A sense of Hindu identity and the term Hindu appears in some texts dated between the 13th and 18th century in Sanskrit and regional languages. The 14th- and 18th-century Indian poets such as Vidyapati and Eknath used the phrase Hindu dharma and contrasted it with Turaka dharma; the Christian friar Sebastiao Manrique used the term'Hindu' in religious context in 1649. In the 18th century, the European merchants and colonists began to refer to the followers of Indian religions collectively as Hindus, in contrast to Mohamedans for Mughals and Arabs following Islam. By the mid-19th century, colonial orientalist texts further distinguished Hindus from Buddhists and Jains, but the colonial laws continued to consider all of them to be within the scope of the term Hindu until about mid-20th century. Scholars state that the custom of distinguishing between Hindus, Buddhists and Sikhs is a modern phenomenon. Hindoo is an archaic spelling variant. At more than 1.03 billion, Hindus are the world's third largest group after Muslims.
The vast majority of Hindus 966 million, live in India, according to India's 2011 census. After India, the next 9 countries with the largest Hindu populations are, in decreasing order: Nepal, Indonesia, Sri Lanka, United States, United Kingdom and Myanmar; these together accounted for 99% of the world's Hindu population, the remaining nations of the world together had about 6 million Hindus in 2010. The word Hindu is derived from the Indo-Aryan and Sanskrit word Sindhu, which means "a large body of water", covering "river, ocean", it was used as the name of the Indus river and referred to its tributaries. The actual term'hindu' first occurs, states Gavin Flood, as "a Persian geographical term for the people who lived beyond the river Indus", more in the 6th-century BCE inscription of Darius I; the Punjab region, called Sapta Sindhu in the Vedas, is called Hapta Hindu in Zend Avesta. The 6th-century BCE inscription of Darius I mentions the province of Hidush, referring to northwestern India; the people of India were referred to as Hinduvān and hindavī was used as the adjective for Indian in the 8th century text Chachnama.
The term'Hindu' in these ancient records is an ethno-geographical term and did not refer to a religion. The Arabic equivalent Al-Hind referred to the country of India. Among the earliest known records of'Hindu' with connotations of religion may be in the 7th-century CE Chinese text Record of the Western Regions by the Buddhist scholar Xuanzang. Xuanzang uses the transliterated term In-tu whose "connotation overflows in the religious" according to Arvind Sharma. While Xuanzang suggested that the term refers to the country named after the moon, another Buddhist scholar I-tsing contradicted the conclusion saying that In-tu was not a common name for the country. Al-Biruni's 11th-century text Tarikh Al-Hind, the texts of the Delhi Sultanate period use the term'Hindu', where it includes all non-Islamic people such as Buddhists, retains the ambiguity of being "a region or a religion". The'Hindu' community occurs as the amorphous'Other' of the Muslim community in the court chronicles, according to Romila Thapar.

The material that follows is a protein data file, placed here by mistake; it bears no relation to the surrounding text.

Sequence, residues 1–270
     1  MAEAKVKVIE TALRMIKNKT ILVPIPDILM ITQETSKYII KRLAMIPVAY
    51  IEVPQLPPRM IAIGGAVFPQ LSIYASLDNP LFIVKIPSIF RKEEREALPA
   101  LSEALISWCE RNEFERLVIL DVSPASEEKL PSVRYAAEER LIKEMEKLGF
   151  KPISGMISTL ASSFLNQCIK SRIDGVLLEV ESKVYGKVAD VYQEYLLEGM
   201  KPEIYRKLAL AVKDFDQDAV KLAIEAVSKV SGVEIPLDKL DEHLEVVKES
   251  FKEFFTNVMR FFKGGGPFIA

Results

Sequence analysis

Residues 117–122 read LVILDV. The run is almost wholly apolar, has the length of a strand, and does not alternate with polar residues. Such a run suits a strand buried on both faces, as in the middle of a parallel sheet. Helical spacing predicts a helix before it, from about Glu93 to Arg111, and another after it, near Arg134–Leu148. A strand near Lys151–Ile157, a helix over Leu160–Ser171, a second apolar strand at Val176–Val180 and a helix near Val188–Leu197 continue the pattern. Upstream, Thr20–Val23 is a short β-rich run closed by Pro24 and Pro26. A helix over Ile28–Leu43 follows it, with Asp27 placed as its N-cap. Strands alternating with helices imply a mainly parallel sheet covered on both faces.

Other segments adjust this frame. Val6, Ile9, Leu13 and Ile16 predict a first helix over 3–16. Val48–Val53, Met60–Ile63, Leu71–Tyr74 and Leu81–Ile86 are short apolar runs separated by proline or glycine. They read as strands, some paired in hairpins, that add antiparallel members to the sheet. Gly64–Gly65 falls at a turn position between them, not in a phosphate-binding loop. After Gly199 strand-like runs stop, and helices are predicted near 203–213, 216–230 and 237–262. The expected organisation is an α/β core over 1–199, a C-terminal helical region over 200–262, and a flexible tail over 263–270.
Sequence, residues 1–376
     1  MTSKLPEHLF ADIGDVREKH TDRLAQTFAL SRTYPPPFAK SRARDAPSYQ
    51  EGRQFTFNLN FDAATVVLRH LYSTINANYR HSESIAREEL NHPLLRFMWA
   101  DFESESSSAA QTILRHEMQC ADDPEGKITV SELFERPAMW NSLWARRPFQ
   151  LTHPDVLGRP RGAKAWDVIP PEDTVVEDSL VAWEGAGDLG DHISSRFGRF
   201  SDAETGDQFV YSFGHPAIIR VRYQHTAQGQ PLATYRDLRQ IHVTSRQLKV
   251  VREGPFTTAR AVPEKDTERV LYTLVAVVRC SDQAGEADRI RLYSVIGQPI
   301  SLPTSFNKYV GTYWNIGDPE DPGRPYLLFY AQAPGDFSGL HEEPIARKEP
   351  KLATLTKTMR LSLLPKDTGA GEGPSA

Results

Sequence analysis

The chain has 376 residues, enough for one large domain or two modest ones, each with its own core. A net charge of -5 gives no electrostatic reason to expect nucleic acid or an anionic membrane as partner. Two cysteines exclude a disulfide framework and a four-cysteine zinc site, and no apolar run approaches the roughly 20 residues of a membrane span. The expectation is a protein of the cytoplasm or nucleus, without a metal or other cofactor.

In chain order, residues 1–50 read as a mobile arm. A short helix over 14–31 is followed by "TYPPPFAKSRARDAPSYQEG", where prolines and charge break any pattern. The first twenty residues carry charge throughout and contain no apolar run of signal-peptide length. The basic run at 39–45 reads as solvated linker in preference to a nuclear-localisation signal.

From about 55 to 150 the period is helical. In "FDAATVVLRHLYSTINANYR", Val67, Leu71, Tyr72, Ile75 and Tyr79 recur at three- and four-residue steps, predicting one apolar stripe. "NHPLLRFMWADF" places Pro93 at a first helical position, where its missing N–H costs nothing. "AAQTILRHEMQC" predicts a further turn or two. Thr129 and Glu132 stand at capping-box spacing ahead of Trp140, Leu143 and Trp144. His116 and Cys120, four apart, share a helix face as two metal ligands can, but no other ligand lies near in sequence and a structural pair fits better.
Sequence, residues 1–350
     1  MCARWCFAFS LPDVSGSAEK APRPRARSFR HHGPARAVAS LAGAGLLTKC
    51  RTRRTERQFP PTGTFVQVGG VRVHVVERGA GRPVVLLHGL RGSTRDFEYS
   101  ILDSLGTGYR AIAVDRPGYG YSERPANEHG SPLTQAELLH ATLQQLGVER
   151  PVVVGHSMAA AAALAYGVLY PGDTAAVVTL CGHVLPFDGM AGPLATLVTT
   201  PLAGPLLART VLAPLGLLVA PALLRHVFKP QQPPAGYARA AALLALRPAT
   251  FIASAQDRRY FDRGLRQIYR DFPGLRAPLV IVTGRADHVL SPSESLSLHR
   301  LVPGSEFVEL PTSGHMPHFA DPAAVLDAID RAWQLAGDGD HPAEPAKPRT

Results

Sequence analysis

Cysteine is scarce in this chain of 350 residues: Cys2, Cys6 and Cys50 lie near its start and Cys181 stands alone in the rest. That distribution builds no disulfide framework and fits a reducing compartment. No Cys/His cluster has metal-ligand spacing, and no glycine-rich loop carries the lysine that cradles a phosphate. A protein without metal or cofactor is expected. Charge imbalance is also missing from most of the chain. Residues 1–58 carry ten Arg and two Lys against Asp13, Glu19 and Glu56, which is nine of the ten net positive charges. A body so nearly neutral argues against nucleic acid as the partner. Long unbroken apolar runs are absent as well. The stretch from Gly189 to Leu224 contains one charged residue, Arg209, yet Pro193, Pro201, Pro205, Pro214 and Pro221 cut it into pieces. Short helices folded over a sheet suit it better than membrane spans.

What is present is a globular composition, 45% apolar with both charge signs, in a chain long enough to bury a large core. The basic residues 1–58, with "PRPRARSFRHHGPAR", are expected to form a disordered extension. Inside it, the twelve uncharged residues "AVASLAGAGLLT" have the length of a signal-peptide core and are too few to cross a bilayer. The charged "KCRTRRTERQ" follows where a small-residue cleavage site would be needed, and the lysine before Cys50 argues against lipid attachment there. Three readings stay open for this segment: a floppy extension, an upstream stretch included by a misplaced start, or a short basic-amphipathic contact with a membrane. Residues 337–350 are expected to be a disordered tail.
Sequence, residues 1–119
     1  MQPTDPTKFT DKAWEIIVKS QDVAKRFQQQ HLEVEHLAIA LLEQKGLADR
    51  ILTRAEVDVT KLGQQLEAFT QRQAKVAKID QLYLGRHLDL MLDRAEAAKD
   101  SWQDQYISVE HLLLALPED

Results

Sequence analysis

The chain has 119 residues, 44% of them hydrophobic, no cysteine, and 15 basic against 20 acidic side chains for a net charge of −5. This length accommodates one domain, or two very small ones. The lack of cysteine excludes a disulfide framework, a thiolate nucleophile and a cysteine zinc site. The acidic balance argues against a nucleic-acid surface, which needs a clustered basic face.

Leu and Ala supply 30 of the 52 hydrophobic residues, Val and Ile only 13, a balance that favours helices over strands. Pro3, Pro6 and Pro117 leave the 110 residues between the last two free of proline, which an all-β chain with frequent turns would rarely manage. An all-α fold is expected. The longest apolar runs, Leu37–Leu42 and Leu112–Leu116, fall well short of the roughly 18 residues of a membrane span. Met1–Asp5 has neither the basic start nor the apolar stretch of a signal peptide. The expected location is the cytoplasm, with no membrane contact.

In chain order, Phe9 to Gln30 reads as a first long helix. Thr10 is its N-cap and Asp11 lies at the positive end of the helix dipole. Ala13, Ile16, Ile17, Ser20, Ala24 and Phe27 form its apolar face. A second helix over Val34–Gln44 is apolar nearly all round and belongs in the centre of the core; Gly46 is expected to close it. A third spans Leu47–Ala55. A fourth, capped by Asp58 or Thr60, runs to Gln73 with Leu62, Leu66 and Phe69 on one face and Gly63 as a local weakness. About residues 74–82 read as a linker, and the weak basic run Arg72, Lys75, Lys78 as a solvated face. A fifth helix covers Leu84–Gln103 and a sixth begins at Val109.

Wilfred Cantwell Smith notes that'Hindu' retained its geographical reference initially:'Indian','indigenous, local', virtually'native'. The Indian groups themselves started using the term, differentiating themselves and their "traditional ways" from those of the invaders; the text Prithviraj Raso, by Chanda Baradai, about the 1192 CE defeat of Prithviraj Chauhan at the hands of Muhammad Ghori, is full of references to "Hindus" and "Turks", at one stage, says "both the religions have drawn their curved swords. In Islamic literature,'Abd al-Malik Isami's Persian work, Futuhu's-salatin, composed in the Deccan in 1350, uses the word'hindi' to mean Indian in the ethno-geographical sense and the word'hindu' to mean'Hindu' in the sense of a follower of the Hindu religion"; the poet Vidyapati's poem Kirtilata contrasts the cultures of Hindus and Turks in a city and concludes "The Hindus and the Turks live close together. One of the earliest uses of word'Hindu' in religious context in a European language, was the publication in 1649 by Sebastiao Manrique.
Other prominent mentions of'Hindu' include the epigraphical inscriptions from Andhra Pradesh kingdoms who battled military expansion of Muslim dynasties in the 14th century, where the word'Hindu' implies a religious identity in contrast to'Turks' or Islam
Christianity is an Abrahamic religion based on the life and teachings of Jesus of Nazareth, as described in the New Testament. Its adherents, known as Christians, believe that Jesus Christ is the Son of God and savior of all people, whose coming as the Messiah was prophesied in the Old Testament. Depending on the specific denomination of Christianity, practices may include baptism, prayer, confirmation, burial rites, marriage rites and the religious education of children. Most denominations hold regular group worship services. Christianity developed during the 1st century CE as a Jewish Christian sect of Second Temple Judaism, it soon attracted Gentile God-fearers, which lead to a departure from Jewish customs, the establishment of Christianity as an independent religion. During the first centuries of its existence Christianity spread throughout the Roman Empire, to Ethiopia and some parts of Asia. Constantine the Great decriminalized it via the Edict of Milan; the First Council of Nicaea established a uniform set of beliefs across the Roman Empire.
By 380, the Roman Empire designated Christianity as the state religion. The period of the first seven ecumenical councils is sometimes referred to as the Great Church, the united full communion of the Roman Catholic Church, Eastern Orthodox Church, Oriental Orthodoxy, before their schisms. Oriental Orthodoxy split after the Council of Chalcedon over differences in Christology; the Eastern Orthodox Church and the Catholic Church separated in the East–West Schism over the authority of the Pope. In 1521, Protestants split from the Catholic Church in the Protestant Reformation over Papal primacy, the nature of salvation, other ecclesiological and theological disputes. Following the Age of Discovery, Christianity was spread into the Americas, sub-Saharan Africa, the rest of the world via missionary work and colonization. There are 2.3 billion Christians in the world, or 31.4% of the global population. Today, the four largest branches of Christianity are the Catholic Church, the Eastern Orthodox Church and Oriental Orthodoxy.